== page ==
I feel uncomfortable about the tone in coverage of Ronnie Biggs’ death – as do a few of you, going by your correspondence. i reader Richard Bristowe points out in our Letters page today: “A real celebrity, our Ronnie. Couldn’t be bothered to earn an honest living, played a minor role in a heroic escapade when an almost forgotten victim was terribly injured.”
Some in the media fell into the trap of glorifying a low life, treating his demise like the departure of a rock icon. In two of the more restrained examples, Reuters trumpeted about “the fabulously entrepreneurial life of Ronnie Biggs”, while The Guardian helpfully provided us with “Ronnie Biggs’ best quotes on the run”.
I grew up three miles from Bridego Bridge, site of the Great Train Robbery, but there was little glamour attached to the crime locally, trifling enjoyment found in the audacity of the act or the taunting of British authorities from Rio.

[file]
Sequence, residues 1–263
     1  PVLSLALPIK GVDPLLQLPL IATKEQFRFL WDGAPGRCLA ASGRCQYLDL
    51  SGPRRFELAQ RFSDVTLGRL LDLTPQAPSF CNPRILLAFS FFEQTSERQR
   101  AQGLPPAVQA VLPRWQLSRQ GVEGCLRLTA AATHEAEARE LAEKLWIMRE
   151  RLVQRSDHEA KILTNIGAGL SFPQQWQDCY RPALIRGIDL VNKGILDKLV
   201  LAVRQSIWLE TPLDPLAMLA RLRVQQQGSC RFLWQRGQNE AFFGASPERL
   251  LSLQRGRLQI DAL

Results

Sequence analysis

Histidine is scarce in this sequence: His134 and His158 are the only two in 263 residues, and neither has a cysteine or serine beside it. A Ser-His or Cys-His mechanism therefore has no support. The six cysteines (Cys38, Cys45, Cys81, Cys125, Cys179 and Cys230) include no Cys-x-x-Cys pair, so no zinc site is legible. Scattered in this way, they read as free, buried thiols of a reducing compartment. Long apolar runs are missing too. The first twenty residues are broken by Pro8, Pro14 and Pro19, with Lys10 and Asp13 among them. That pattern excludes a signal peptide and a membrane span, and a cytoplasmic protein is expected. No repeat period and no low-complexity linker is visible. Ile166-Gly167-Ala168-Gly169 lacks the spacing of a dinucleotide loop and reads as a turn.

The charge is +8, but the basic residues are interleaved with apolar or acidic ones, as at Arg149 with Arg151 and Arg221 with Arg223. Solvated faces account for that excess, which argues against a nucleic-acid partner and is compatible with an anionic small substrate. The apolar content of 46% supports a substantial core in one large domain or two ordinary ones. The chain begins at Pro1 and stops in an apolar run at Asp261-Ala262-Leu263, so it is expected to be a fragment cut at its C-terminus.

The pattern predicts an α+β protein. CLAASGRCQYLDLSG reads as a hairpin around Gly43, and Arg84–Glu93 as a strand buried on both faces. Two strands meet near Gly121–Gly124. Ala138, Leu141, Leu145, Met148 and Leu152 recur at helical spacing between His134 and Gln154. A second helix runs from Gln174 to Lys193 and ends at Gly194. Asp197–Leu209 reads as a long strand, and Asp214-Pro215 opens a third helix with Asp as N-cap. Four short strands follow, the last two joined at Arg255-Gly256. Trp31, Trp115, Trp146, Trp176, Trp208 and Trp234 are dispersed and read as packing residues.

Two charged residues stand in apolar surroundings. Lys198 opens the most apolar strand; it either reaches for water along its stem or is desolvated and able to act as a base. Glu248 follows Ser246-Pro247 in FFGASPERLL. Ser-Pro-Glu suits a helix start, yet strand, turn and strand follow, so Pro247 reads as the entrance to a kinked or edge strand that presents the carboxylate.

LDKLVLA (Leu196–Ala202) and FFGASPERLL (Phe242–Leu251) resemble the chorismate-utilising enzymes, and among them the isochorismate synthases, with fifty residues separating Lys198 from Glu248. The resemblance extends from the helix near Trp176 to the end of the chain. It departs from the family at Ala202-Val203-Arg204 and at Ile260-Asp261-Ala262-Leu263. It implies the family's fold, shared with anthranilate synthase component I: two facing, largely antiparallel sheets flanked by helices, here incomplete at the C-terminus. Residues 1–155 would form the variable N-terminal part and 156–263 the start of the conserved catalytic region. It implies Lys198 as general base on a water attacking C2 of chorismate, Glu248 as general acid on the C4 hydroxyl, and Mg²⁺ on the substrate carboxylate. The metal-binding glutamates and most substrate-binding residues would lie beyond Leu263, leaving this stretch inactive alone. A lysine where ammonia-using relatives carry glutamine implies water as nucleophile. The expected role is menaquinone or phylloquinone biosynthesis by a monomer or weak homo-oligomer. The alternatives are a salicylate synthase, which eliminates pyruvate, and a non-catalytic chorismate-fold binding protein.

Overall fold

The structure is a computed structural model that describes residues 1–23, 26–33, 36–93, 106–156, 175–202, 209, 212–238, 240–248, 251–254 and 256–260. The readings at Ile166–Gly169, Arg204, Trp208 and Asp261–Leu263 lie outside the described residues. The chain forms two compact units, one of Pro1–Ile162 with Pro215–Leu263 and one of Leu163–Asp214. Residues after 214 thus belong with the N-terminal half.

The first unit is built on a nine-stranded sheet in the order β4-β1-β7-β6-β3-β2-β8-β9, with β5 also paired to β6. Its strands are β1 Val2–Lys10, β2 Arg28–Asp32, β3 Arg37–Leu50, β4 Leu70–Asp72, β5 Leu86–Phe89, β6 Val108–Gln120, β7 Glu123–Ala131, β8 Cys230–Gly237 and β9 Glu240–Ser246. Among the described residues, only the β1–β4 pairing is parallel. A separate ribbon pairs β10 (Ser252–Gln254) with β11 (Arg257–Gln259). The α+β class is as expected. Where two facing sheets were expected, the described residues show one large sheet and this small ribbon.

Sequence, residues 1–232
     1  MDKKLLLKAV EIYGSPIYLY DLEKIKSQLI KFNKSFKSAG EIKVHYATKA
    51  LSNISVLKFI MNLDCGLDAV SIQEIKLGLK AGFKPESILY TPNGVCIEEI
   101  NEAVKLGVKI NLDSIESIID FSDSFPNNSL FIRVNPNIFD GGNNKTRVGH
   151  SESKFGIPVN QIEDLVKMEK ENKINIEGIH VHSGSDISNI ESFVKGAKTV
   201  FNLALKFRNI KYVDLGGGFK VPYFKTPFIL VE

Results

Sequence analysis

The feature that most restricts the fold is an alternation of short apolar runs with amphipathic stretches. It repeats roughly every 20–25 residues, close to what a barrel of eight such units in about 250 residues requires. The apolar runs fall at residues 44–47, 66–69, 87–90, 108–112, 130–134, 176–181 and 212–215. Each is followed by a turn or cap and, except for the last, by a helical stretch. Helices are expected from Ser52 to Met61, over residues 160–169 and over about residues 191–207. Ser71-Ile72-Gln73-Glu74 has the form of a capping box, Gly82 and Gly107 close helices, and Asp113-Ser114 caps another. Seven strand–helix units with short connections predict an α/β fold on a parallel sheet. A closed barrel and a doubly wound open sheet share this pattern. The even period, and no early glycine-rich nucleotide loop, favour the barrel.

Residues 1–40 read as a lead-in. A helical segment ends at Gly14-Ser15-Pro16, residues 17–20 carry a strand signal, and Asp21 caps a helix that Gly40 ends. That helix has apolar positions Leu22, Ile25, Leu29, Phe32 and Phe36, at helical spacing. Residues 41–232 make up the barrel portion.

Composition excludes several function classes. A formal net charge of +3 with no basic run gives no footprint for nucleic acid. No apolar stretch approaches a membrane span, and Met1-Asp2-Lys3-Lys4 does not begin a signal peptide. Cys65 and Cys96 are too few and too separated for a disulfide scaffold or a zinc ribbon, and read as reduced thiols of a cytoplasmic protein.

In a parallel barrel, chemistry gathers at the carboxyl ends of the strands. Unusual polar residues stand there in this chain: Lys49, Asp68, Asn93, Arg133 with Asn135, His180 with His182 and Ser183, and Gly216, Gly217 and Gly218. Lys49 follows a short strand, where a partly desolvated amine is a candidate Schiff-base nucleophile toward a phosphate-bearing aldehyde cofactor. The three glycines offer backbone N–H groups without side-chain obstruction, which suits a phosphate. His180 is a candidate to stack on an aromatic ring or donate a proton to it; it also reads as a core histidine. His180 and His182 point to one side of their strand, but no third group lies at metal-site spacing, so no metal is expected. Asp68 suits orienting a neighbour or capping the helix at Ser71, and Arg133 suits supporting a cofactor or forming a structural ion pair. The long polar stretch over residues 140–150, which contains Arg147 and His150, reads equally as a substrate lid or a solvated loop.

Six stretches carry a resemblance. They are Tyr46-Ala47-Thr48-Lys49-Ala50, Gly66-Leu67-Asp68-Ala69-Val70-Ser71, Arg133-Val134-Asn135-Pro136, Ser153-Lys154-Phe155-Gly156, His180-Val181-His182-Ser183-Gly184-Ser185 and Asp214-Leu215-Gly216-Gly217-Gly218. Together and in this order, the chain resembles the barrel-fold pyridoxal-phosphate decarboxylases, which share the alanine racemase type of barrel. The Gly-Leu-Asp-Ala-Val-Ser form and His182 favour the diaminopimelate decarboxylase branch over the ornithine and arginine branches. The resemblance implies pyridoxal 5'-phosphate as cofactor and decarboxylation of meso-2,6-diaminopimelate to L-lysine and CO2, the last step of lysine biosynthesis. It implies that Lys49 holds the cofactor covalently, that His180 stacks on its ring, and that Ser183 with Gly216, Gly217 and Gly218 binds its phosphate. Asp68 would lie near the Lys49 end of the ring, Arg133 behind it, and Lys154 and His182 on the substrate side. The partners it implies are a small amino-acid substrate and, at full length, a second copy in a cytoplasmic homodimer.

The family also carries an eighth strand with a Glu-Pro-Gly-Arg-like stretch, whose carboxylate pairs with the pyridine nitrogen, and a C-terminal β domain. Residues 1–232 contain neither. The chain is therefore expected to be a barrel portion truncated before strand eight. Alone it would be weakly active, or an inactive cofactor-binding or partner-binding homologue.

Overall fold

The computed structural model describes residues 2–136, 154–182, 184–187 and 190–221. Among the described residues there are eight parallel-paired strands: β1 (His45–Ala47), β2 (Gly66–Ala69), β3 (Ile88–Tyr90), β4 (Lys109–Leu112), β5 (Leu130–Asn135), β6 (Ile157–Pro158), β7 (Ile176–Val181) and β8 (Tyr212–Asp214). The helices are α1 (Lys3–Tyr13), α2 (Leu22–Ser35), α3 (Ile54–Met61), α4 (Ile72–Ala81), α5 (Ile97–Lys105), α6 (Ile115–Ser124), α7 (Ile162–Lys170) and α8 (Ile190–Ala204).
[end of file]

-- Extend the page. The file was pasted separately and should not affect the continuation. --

As a reporter I met his son Michael 10 years ago, during the campaign to have Ronnie freed from prison as his health failed. But I had little sympathy for Biggs then (or now), despite the lack of compassion shown him by successive Home Secretaries. He enjoyed his tacky notoriety, dined on it, exaggerated his role in the theft – “one of my greatest hits...the crime of the century” – showed zero contrition, boasted that he would do it all over again, and eventually ran out of money and good health.
I take no solace in his death, but hope that it allows us to bury the tawdry lore that has grown around a violent crime.Reuse content